We aren’t talking about synthetic marijuana enough
Last week, at least 76 people overdosed in a New Haven, Connecticut, park. The overdoses happened over 36 hours.
That number is startling.
The drug they overdosed on isn’t getting enough attention. The overdoses are believed to have happened after people used a drug commonly known as synthetic marijuana that was laced with fentanyl.
The local police chief said that a sample sent to the Drug Enforcement Administration for testing had shown the drug was just synthetic marijuana, but they had sent more samples and were awaiting additional tests. At least 72 people who overdosed were taken to local hospitals, but there were no fatalities.
Part of a pattern
Here’s the thing: This wasn’t the first outbreak associated with synthetic cannabinoids. Earlier this year, Chicago experienced a fake weed–related outbreak of illnesses in which 164 people were affected. At least three people died in that outbreak.
In Chicago’s case, the fake weed was contaminated with a rat poison. Three people were arrested in connection with that incident.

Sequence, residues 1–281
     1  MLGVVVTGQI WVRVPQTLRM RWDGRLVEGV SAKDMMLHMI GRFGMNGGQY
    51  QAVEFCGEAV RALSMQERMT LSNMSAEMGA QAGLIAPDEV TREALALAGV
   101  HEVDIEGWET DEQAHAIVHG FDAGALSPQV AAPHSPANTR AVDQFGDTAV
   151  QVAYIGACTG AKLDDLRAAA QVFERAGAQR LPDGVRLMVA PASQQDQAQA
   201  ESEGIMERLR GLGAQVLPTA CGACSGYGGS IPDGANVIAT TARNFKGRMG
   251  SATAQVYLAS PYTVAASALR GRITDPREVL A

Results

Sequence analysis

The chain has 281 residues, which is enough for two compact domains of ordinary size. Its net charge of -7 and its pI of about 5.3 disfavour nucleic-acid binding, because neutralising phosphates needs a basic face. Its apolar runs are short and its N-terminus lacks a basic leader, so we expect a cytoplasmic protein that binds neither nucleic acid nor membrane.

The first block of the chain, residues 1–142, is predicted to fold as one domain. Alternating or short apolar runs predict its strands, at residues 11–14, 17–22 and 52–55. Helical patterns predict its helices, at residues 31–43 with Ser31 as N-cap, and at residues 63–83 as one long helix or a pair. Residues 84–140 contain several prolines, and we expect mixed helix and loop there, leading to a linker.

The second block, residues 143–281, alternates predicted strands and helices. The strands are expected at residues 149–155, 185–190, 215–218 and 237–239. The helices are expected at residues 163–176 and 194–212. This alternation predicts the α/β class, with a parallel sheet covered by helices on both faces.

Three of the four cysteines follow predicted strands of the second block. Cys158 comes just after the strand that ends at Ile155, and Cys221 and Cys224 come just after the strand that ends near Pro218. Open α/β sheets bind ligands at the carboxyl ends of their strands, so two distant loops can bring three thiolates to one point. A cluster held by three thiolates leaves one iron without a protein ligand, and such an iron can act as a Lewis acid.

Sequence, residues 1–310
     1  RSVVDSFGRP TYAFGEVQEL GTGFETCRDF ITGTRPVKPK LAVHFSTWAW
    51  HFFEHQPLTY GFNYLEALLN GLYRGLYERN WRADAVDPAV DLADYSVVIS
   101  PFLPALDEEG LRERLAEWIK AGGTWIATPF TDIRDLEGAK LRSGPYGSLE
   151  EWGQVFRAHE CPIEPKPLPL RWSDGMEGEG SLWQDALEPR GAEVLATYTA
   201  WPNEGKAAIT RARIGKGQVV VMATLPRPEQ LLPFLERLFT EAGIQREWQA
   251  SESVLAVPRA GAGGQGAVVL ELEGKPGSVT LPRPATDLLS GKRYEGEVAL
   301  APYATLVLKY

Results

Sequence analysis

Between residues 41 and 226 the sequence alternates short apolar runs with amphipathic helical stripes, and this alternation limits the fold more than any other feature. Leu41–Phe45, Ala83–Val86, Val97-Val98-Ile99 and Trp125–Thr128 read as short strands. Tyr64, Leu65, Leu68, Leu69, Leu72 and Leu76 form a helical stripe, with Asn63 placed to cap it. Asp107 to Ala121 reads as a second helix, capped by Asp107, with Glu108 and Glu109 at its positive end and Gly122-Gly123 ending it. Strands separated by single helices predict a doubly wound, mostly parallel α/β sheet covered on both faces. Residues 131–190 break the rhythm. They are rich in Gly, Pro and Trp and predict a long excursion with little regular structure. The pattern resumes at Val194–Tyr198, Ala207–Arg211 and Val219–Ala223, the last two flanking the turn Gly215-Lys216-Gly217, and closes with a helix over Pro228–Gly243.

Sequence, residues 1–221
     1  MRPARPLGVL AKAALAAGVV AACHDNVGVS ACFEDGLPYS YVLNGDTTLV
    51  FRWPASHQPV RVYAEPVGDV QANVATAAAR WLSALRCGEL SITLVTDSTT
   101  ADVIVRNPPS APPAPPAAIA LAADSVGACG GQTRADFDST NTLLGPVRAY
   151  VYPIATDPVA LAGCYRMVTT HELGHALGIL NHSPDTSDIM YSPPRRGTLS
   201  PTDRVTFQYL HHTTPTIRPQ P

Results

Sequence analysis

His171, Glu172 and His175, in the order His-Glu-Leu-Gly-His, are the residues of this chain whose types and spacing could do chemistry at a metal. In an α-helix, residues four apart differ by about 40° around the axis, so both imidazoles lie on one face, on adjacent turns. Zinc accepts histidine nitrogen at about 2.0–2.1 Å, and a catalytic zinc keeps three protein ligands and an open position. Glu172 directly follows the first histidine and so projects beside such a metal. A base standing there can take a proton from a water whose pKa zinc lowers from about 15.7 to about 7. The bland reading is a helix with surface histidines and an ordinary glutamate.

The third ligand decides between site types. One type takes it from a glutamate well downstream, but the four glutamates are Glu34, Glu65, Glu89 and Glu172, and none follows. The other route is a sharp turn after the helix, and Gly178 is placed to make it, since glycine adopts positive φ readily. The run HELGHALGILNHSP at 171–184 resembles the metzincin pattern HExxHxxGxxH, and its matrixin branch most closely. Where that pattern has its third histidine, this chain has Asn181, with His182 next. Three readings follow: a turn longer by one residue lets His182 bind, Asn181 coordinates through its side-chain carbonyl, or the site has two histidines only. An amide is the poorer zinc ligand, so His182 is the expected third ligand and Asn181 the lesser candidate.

What are we dealing with here?
Synthetic cannabinoids are also known as synthetic marijuana or fake weed, or by brand names like K2 and Spice. They contain an artificial chemical that is sprayed on dried plants so it can be smoked. They can also be sold as a liquid, to be used in a vaporizer.
Why is weed being dragged into this? The chemicals are called cannabinoids because they mimic chemicals found in marijuana, but they don't actually have much in common with cannabis.
Is fake weed legal?
No. It’s illegal but it’s often sold in convenience stores, smoke shops, gas stations, and online. In addition to K2 and Spice, some of its other names are Black Mamba, Bombay Blue, Genie, and Zohai.
People who sell it try to get around the regulation by labeling it “not for human consumption.”
What else do I need to know?
Well, unlike plant-based cannabis, the side effects of synthetic cannabinoids can be severe, and include kidney damage, muscle damage, seizures, and the need for antipsychotic medication. That’s intense.
One expert we talked to said, “Whatever you think about plant cannabis, synthetic cannabinoids are definitely medically and psychiatrically dangerous.”
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